Future Demand for Craftsmen is So Strong that Expanding Masonry’s Workforce Means Tapping into New Channels
The Department of Labor says the US needs to create 31,400 more masons by the mid 2020’s to replace mason retirement attrition and to meet increased demand for qualified masons. Which begs the question, from where will the masonry industry find newly qualified masons? The short answer is they must be recruited and trained.
How does that opportunity occur? For masonry the answer is expanding communication to a wider audience of potential students, and just as importantly to their support groups—peers, parents, and academic advisors. By creating educational partnerships between the student stakeholders and the masonry trade we can achieve the goal of expanding masonry apprenticeship training programs in North America.
What Does it Take to Become a Qualified Journeyman Mason?
In general masonry training in North America today is a combination of classroom and on-the-job apprenticeship training covering four or more years to produce a journeyman mason. To train, most masons enter a masonry certificate program (2 to 4 semesters long) or pursue an apprenticeship (3 to 4 years long) with an experienced mason.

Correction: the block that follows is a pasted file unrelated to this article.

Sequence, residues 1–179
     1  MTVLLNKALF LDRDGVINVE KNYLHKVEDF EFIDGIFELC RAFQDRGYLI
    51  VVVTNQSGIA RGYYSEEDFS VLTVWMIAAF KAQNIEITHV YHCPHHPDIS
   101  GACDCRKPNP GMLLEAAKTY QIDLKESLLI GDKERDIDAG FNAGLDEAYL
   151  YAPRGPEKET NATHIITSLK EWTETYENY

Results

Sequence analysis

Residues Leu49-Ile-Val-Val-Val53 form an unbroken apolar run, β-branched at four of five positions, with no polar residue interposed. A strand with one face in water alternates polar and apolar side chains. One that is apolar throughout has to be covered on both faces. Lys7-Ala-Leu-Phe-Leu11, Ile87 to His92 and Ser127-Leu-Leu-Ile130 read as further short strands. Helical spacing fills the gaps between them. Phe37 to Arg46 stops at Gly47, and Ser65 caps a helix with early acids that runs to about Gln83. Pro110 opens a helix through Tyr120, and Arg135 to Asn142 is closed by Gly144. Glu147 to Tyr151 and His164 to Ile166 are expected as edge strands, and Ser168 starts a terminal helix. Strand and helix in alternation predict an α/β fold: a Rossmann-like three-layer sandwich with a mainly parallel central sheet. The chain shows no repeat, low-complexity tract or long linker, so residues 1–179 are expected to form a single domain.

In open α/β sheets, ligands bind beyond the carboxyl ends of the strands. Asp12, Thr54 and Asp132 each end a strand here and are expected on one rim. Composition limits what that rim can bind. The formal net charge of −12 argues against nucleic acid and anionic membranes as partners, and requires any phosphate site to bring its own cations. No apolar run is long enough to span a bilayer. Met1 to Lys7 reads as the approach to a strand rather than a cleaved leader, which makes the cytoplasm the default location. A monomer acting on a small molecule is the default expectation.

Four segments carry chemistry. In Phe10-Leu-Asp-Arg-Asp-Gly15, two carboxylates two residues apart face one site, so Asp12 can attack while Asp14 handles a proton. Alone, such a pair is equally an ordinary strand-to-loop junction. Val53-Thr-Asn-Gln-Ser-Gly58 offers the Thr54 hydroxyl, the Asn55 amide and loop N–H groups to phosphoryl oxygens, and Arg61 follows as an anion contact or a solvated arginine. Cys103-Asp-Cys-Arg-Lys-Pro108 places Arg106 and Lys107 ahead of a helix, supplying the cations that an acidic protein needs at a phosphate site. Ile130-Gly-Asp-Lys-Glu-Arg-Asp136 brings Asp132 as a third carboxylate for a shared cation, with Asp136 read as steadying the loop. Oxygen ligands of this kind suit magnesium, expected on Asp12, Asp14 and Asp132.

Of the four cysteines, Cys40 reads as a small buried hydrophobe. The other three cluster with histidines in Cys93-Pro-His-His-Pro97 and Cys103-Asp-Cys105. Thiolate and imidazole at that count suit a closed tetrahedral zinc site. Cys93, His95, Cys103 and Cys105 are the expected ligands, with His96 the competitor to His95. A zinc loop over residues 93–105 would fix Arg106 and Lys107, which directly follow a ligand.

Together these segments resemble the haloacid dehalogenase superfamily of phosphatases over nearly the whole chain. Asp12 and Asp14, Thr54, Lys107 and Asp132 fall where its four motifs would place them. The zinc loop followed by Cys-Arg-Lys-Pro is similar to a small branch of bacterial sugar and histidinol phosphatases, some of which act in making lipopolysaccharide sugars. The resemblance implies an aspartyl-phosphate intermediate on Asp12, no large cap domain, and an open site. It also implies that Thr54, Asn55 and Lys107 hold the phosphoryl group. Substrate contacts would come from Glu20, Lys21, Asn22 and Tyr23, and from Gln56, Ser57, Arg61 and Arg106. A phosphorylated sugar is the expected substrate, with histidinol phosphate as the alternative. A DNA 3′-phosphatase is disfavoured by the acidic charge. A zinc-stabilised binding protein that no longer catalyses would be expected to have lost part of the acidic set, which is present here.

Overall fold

Since the 1970’s in North America, vocational skills training has been challenged by a cultural belief that only a four-year college degree is a pathway to economic success. The result: vocational student numbers became fewer over the passing years resulting in masonry training programs being cut back or dropped altogether by the schools because of a lack of students.
Today the pattern of increased demand for qualified masons combined with declining masonry student enrollment has created a “perfect storm.” But the good news is there are several organizations actively working to help fill the gap.
Building Masons in Iowa
The Masonry Institute of Iowa (MII) has partnered with industry members to offer high school students the opportunity to explore careers in masonry through a program called, High School Masonry Days. MII hosted its first HS Masonry Day in the fall of 2018, and because of its success, planned six more for the spring of 2019. This fall, MII hosted four HS Masonry Days with five additional locations in the works for this winter and next spring.
Students interested in the masonry profession are encouraged to visit www.iwanttobeabricklayer.com to learn more. MII also works to promote the BAC (Bricklayers and Allied Craftworkers) Local 3 apprenticeship and mason support programs as the BAC3 has the only masonry training program in Iowa.
Last year nearly 450 students from forty schools participated and MII anticipates that number to double for the 2019/20 school year. Last year, one location – Cedar Rapids only had 25 students participate. This year 200 RSVP’d for the event in Cedar Rapids and 170 participated.”
– Jennie Stephenson, Masonry Institute of Iowa Executive Director